The Federal Court has granted leave for the application by Sisters in Islam (SIS) to challenge the validity of Section 66A of the Administration of the Religion of Islam (State of Selangor) Enactment 2003. This is an application for leave pursuant to Article 4(4) of the Federal Constitution in the Federal Court to declare section 66A invalid on the ground that the Selangor State Legislature (“SSL”) has no power to make such a law under the Federal Constitution.
YA Dato’ Zabariah Binti Mohd. Yusof presided over the leave application. Section 66A of the Administration of the Religion of Islam (State of Selangor) Enactment states that the Shariah High Courts have the jurisdiction to hear judicial reviews against the decisions of state religious councils or committees.
Rozana Isa, Executive Director of SIS states, “The Federal Court in allowing leave for this application recognises that the concern we raise here is valid and not frivolous.”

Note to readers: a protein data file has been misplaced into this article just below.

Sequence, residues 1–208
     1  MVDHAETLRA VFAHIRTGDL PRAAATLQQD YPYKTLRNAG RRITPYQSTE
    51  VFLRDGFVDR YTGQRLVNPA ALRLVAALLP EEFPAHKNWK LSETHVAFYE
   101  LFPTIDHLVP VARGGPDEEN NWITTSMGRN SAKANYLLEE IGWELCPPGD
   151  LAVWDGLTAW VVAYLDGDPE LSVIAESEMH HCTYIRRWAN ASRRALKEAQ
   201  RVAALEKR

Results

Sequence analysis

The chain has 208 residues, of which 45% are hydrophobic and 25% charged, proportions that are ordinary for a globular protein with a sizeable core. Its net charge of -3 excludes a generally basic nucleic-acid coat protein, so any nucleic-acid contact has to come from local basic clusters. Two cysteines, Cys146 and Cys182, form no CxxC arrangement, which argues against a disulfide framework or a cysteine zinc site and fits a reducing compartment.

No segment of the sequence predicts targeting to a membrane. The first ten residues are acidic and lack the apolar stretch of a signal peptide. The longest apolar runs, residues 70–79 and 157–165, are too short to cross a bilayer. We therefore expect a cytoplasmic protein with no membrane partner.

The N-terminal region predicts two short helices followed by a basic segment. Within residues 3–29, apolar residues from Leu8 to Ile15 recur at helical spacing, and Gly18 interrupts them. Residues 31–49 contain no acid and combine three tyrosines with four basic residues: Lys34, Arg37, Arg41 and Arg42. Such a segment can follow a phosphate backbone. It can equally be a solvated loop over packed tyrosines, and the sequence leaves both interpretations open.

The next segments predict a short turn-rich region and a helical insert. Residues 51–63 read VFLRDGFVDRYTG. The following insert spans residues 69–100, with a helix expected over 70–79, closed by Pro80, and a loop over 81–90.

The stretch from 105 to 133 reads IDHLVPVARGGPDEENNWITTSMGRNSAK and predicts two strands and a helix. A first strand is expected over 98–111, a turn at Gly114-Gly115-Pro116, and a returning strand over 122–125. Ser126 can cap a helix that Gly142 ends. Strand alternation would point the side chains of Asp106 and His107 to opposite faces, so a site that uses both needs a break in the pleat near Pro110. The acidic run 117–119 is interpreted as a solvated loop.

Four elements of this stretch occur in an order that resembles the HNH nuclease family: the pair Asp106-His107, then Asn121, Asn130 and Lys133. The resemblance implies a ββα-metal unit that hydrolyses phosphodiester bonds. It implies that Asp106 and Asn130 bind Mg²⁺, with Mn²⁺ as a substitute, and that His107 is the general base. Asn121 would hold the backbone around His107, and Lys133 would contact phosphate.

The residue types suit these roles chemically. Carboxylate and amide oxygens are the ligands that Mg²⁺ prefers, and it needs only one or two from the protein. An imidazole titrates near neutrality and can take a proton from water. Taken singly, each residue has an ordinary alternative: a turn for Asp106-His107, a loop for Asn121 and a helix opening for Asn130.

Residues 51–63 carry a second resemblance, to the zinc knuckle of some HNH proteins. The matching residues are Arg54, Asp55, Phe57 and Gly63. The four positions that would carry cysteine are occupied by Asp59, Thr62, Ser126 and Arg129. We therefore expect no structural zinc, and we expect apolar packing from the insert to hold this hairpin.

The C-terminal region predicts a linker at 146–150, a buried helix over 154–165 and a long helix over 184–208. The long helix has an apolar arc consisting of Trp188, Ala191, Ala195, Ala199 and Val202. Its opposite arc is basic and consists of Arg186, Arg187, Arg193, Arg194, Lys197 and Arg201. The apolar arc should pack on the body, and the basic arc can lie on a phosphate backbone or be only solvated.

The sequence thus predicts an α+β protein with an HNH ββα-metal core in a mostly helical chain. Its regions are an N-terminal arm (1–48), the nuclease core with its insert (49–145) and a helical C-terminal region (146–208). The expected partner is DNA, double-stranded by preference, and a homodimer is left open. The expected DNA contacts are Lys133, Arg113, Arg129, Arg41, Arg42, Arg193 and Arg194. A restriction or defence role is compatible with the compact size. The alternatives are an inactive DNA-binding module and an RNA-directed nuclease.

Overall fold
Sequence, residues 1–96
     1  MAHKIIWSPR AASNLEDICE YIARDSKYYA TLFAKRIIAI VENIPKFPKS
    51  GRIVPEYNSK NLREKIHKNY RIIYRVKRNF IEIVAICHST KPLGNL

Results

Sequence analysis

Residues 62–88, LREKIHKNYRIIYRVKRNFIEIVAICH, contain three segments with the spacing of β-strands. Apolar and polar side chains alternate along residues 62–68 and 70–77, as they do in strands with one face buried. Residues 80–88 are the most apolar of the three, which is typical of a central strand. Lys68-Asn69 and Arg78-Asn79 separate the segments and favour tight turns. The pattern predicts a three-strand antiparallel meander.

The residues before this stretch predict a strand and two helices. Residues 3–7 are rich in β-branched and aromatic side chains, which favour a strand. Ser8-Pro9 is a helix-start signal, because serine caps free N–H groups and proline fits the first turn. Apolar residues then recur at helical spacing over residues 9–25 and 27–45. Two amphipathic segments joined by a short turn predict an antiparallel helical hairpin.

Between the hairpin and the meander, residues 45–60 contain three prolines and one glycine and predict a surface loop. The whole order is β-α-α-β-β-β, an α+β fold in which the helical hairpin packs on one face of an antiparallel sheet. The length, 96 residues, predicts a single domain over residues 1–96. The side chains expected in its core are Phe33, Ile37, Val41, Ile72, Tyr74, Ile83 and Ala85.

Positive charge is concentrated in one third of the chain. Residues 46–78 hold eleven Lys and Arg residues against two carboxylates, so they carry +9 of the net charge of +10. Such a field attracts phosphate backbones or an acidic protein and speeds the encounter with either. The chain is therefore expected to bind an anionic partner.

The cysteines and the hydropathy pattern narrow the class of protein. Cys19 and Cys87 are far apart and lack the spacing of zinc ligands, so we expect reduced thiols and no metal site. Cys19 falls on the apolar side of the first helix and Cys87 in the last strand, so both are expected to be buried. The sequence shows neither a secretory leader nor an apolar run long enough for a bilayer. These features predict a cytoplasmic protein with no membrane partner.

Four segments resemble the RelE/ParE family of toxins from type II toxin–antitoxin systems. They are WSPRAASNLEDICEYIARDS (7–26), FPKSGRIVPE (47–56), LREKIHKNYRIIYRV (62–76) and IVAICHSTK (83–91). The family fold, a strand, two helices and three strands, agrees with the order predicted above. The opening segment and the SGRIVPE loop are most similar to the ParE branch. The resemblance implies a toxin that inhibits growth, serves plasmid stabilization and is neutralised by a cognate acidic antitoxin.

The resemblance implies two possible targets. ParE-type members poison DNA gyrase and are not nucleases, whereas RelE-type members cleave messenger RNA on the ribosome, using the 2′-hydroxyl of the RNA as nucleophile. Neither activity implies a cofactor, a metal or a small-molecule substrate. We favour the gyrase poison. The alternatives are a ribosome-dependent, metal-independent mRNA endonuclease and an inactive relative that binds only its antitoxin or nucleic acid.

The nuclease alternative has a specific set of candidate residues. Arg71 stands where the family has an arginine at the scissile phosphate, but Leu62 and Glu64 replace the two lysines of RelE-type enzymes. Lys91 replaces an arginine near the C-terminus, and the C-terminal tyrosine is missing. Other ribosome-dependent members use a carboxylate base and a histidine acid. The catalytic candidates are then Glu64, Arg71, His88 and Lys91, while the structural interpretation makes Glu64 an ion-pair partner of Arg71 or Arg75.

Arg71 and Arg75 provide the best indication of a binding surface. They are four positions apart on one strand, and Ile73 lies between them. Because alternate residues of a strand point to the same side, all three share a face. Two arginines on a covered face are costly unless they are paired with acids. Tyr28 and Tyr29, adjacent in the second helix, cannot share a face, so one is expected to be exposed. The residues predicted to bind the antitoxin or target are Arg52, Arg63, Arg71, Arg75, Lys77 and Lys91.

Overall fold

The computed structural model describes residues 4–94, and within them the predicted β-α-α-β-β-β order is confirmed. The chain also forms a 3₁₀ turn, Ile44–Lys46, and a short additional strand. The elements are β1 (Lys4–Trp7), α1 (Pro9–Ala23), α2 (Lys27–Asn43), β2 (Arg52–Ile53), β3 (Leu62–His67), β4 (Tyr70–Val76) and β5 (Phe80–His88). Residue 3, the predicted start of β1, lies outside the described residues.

Previously, in a separate action, SIS initiated a judicial review against MAIS, the Selangor State Fatwa Committee and the Selangor state government after the religious body issued a fatwa which declared SIS as deviants for subscribing to liberalism and religious pluralism. The challenge was met with a disappointing outcome as the High Court decided that the matter is under the jurisdiction of the Shariah Courts. In January 2020, the High Court granted SIS a stay of execution of the enforcement of the fatwa pending its appeal, which SIS will be undertaking in due course.
Despite the ongoing fatwa case, SIS continues our work of advancing and advocating the rights of Muslim women and children in Malaysia. For 33 years, SIS has been carrying the voices of women from the grassroots to the highest levels of policy making. Among SIS work includes advocating to end practices that are detrimental to children such as child marriage where we advocate for the legal minimum age of marriage is 18 years old for both men and women, female genital mutilation (FGM) which is practiced on baby girls in Malaysia, “bin/binti Abdullah” to children born out of wedlock and gender based violence.
SIS, through its Telenisa line, has helped over 10,000 women and men by providing free legal consultation on Islamic Family and Shariah Criminal Offences Laws. SIS also champions issues such as wife and children’s maintenance, tightening polygamy conditions and enforcement, criminalising marital rape and promoting gender equality in Muslim marriages and Islamic Family Laws.